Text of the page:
Bono and The Edge braved the elements to enjoy a rare boys' night out in the capital -- but were late for their own big night out because of the bad weather.
The U2 pair attended a special preview charity screening of Davis Guggenheim's film It Might Get Loud at Temple Bar's Irish Film Institute last night.
The Dublin stars joined long- time friends, singer Gavin Friday and U2 manager Paul McGuinness, among others, to mark the involvement in the production of U2's very own sculptor in sound, The Edge.
To celebrate his achievement dad-of-five David Evans, better known as The Edge, took to the stage before the screening to officially open the film.
Wearing his trademark black hat, the legendary musician paid a special tribute to his bandmates and friends of over 30 years.
"Obviously without Bono, Adam and Larry I couldn't have done it at all so in their own way they are the wind beneath my wings," he said. "It was great being involved and I was very proud to be invited to take part, I think it turned out very well. It's great to be back in Dublin and I really appreciate so many people coming out in the bad weather to support me."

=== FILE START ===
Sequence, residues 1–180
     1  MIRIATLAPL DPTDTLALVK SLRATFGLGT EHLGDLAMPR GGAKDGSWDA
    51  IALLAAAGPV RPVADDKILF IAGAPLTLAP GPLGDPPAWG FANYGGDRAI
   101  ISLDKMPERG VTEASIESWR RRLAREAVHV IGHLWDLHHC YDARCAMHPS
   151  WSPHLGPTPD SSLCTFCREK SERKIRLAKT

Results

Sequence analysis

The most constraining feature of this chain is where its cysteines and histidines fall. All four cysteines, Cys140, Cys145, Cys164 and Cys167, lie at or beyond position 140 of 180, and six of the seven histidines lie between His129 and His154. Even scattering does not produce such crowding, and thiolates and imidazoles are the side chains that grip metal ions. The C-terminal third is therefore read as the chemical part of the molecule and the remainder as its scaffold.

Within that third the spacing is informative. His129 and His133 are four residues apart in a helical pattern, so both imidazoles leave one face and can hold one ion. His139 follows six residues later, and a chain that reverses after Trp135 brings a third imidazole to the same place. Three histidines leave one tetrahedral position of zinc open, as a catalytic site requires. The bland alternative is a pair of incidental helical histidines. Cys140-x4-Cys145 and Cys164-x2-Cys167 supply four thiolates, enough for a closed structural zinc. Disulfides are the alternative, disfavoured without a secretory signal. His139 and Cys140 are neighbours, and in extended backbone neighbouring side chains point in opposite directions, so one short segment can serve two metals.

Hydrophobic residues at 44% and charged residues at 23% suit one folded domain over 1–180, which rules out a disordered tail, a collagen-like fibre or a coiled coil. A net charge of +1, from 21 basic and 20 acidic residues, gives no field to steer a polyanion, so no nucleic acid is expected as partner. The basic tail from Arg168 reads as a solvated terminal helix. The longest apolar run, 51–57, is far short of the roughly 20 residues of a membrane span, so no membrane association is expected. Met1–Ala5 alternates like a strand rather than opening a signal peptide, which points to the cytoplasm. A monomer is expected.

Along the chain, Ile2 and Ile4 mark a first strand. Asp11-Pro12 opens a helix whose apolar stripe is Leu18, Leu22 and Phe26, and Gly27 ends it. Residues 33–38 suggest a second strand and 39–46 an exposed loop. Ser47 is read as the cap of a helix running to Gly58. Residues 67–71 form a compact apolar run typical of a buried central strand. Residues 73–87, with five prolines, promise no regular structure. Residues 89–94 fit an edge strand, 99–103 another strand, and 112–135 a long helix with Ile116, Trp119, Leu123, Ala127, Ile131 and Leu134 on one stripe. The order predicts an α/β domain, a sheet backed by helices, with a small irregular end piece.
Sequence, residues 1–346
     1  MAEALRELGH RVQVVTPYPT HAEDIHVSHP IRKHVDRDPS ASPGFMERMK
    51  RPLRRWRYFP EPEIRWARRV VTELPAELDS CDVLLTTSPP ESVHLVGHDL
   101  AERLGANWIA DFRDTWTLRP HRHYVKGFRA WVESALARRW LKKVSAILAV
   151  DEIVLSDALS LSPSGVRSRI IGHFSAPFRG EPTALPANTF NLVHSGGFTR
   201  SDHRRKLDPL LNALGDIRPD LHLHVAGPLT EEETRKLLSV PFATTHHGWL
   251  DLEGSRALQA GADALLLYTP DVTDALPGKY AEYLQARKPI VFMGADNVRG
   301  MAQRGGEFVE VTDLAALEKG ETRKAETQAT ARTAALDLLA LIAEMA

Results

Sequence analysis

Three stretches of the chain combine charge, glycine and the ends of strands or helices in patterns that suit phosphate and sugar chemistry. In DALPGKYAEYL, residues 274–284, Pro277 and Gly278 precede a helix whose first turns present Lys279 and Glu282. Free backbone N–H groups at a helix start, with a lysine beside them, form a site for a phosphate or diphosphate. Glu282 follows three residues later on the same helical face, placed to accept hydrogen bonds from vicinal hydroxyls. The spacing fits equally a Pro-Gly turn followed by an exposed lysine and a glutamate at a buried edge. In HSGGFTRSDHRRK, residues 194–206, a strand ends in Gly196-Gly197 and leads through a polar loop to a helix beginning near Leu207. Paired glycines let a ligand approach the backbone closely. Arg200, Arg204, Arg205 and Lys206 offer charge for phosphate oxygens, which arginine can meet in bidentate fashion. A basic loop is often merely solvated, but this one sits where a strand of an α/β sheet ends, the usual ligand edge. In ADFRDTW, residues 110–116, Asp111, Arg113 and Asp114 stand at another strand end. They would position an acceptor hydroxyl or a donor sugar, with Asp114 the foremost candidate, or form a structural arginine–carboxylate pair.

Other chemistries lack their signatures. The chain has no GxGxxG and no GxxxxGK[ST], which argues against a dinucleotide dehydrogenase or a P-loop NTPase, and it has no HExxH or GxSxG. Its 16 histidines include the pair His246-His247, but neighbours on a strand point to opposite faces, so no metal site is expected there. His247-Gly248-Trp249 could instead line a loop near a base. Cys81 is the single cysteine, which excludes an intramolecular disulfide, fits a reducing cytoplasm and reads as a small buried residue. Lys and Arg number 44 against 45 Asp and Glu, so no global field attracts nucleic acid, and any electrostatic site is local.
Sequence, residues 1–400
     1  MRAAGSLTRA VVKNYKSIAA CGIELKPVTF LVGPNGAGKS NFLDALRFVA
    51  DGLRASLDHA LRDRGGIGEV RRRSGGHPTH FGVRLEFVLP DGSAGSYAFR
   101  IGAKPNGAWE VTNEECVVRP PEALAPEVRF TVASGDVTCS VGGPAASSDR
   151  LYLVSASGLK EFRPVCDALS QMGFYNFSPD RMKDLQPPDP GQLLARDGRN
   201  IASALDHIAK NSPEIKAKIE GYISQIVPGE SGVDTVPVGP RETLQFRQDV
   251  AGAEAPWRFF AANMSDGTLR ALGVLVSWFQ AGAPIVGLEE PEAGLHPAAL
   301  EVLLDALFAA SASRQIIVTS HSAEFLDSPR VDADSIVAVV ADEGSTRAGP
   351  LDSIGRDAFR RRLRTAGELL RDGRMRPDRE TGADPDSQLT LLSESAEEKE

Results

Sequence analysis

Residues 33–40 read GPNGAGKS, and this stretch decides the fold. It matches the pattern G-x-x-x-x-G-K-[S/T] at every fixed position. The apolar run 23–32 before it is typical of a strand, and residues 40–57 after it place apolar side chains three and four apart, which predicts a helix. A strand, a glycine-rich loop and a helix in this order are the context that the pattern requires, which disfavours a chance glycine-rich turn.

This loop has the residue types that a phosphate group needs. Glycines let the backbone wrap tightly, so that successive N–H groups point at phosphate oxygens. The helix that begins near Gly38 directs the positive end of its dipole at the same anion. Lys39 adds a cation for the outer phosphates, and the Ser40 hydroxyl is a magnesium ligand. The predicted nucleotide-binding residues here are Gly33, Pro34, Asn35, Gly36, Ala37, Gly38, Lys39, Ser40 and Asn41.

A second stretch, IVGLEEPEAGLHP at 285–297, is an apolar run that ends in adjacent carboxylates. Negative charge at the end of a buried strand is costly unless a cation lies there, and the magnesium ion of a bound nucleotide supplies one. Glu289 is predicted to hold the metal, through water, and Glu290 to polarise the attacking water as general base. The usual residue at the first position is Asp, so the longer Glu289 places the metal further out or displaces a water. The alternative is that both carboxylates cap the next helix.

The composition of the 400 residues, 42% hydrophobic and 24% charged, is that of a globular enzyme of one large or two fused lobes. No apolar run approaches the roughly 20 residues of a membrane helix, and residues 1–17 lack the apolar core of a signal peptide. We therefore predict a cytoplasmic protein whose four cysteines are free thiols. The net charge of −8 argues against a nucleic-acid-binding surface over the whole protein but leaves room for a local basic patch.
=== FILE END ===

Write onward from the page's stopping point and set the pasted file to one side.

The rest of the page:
The film examines the interplay between three talented guitarists; modern traditionalist Jack White of The White Stripes, Led Zeppelin's legendary Jimmy Page and, of course, our very own The Edge.
The director of An Inconvenient Truth, Guggenheim's aim was to show the three diverse artists' attitudes towards music and their philosophies through various group and individual interviews and footage of the trio.
But, according to The Edge, the three were more alike than he had first suspected, explaining that he had forged a close bond with his co-stars during filming.
Speaking about White, The Edge described him as "a great showman", revealing that the star had worn six-inch platform heels throughout filming.
He also joked with manager Paul McGuinness -- who was seated in the audience -- that he had yet to be paid for the charity venture, laughing that "we'll have to discuss that later".
The star paid special tribute to his children during his speech, including model daughter Holly Evans, who was seated next to Bono.
Showing his lighter side, the singer, wearing his signature dark glasses, gave his friend's daughter a thumbs up.
The Edge also gave some teachers from his former secondary school, Mount Temple Comprehensive School a special mention.
"They were the leading force in getting the band going in the first place," he told the packed cinema theatre.
His words were met with rapturous applause as he left the stage to take his seat between Bono and Holly to watch the film.
Other big names who stepped out to attend the special screening in aid of Our Lady's Children's Hospital, Crumlin, included artist Guggi and designer John Rocha.